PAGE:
‘Hanford Nuclear Reservation’, just outside Richland, Washington
- The shortlink for this blog post is http://wp.me/puwO9-1Vh
(before midnight May 27, 2013: 8336 Counts in 3hrs 32 min = 39.3 CPM background radiation, completely normal a meter off the ground on clean surface indoor, at a motel in nearby Kennewick, WA.)
- Soundtrack for this blogpost: The timeless and updated ‘Radioactivity’, by Kraftwork, as brought at a No Nukes 2012 event in Tokio, Japan.
- In this blogpost, my attempt to grasp how serious it is that many of the Hanford Site’s underground nuclear waste storage tanks are already leaking.
‘The Hanford Site‘, as it is known now, is a mostly decommissioned nuclear weapons fission material production complex on the banks of the Columbia River in the U.S. state of Washington, operated by the United States federal government’s Department of Energy. Established in 1943 as part of the Manhattan Project in the tiny town of Hanford in south-central Washington, the site was home to the B Reactor, the first full-scale plutonium production reactor in the world, and at the height of its humanity-threatening madness supplied plutonium for tens of thousands of nuclear weapons. It is now the focus of a mind-bogling cleanup challenge.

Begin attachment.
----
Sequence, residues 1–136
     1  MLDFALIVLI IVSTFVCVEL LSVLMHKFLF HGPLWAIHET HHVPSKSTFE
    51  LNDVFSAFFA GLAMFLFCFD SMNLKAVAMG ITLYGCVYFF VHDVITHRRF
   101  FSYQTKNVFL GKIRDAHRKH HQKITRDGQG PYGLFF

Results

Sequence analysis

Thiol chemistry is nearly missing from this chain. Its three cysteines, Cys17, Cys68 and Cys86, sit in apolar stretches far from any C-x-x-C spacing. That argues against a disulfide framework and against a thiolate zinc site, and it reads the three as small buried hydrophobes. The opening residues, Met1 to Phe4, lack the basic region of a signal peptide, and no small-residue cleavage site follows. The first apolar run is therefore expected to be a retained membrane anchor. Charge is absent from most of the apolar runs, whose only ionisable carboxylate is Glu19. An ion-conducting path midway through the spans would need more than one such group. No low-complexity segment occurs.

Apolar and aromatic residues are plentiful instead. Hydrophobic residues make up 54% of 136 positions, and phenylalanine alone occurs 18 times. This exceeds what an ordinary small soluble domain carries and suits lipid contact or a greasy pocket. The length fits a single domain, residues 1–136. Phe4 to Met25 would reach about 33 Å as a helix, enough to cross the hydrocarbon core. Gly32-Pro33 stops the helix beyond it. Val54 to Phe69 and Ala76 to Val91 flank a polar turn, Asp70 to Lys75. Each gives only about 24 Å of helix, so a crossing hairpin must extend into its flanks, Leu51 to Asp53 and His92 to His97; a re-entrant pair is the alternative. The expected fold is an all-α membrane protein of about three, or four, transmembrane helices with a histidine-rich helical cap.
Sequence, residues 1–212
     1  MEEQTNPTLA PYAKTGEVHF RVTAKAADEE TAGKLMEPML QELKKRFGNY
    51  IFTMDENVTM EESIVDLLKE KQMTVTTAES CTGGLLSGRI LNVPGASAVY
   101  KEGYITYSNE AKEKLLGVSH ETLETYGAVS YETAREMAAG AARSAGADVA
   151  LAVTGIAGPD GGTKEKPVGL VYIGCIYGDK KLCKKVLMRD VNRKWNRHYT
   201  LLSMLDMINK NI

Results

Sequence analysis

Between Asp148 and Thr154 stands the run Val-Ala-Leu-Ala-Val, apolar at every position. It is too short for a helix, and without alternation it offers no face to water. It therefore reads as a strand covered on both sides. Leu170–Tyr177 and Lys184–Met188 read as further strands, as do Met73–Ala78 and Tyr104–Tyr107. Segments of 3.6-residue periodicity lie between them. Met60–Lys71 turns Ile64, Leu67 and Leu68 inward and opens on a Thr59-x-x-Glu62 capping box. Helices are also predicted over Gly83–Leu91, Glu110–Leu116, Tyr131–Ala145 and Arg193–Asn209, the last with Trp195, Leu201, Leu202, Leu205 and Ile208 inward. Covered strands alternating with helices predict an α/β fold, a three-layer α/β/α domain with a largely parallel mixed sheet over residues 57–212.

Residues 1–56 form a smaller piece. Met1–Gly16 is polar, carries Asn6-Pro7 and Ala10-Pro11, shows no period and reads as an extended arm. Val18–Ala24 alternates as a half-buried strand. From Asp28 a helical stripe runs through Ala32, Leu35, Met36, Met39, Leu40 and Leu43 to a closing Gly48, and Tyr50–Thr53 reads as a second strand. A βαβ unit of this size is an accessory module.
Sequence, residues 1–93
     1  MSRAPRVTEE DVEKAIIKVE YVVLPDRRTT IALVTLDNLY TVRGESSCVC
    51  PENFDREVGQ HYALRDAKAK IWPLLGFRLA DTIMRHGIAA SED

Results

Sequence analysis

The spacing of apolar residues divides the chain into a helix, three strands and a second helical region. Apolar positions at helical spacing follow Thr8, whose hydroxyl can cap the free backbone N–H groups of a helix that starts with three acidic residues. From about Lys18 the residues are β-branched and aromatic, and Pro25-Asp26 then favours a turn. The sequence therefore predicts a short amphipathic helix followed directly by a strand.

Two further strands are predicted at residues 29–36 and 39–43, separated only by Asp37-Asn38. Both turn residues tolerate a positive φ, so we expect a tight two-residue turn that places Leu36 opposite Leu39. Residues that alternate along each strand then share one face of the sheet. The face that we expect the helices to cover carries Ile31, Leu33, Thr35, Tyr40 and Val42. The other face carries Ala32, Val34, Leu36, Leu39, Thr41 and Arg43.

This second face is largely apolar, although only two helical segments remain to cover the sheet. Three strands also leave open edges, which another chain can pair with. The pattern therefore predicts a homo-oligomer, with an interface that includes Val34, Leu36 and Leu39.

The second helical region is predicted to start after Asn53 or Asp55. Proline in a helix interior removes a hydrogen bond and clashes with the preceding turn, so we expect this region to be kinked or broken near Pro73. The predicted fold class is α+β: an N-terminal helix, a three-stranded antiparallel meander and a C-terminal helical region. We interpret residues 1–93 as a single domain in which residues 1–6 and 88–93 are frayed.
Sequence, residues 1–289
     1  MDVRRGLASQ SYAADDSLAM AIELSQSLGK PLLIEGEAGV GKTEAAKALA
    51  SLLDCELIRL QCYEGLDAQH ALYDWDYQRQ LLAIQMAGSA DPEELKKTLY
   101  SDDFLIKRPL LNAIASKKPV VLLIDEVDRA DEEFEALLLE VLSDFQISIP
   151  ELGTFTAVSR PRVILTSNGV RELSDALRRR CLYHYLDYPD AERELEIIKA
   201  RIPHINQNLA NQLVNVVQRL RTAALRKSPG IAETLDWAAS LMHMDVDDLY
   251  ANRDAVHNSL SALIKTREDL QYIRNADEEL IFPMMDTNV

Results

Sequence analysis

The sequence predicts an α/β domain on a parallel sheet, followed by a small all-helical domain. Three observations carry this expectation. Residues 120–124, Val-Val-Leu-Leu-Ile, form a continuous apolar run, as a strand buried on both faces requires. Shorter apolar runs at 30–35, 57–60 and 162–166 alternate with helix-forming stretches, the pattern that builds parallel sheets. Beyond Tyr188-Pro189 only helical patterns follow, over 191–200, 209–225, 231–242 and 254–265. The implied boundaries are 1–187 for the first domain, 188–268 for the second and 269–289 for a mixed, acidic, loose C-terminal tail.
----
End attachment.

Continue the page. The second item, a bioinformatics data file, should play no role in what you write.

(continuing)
The site has been known by many names, including Hanford Project, Hanford Works, Hanford Engineer Works or HEW and Hanford Nuclear Reservation (which I still think is the best name for it) or HNR. Location:
Plutonium manufactured at the site was used in the first nuclear bomb, tested at the Trinity site, and in the A-bomb used to annihilate the (almost entirely civilian) city of Nagasaki, Japan on August 9, 1945, killing more than 60,000 human beings in a flash, and tens of thousands more in the minutes, days and years following the nuclear blast.
As part of my checking out what’s up with Hanford, I visited ‘Reactor B’ in the 100B area on a public tour – See my blogpost about that: “My visit to Hanford’s “Reactor B’, World’s First Full-Scale Plutonium Factory.”
My visit was not to drool over the science and the “amazing” engineering feat that was accomplished with the Manhattan Project, though, but to feel into this darkest of the darkest of humanity’s disconnect from the heart. (I intent to share some reflections on the non-physical dimensions of radioactivity at some point.)
Now about the radioactivity stored at Hanford:
- MUST WATCH: Reporters from Television station King 5 NEWS recently did an investigative report series on this extremely troubling nuclear waste site. Highly recommended*:
So, those unknown materials referenced in the Sept. 7, 2012 briefing (shared in the above TV report) were spotted during a photographic inspection conducted by technicians in the first week of August 2012 in Tank 241-AY-102’s annulus — the 2-foot-wide space separating the inner and outer walls of the tank.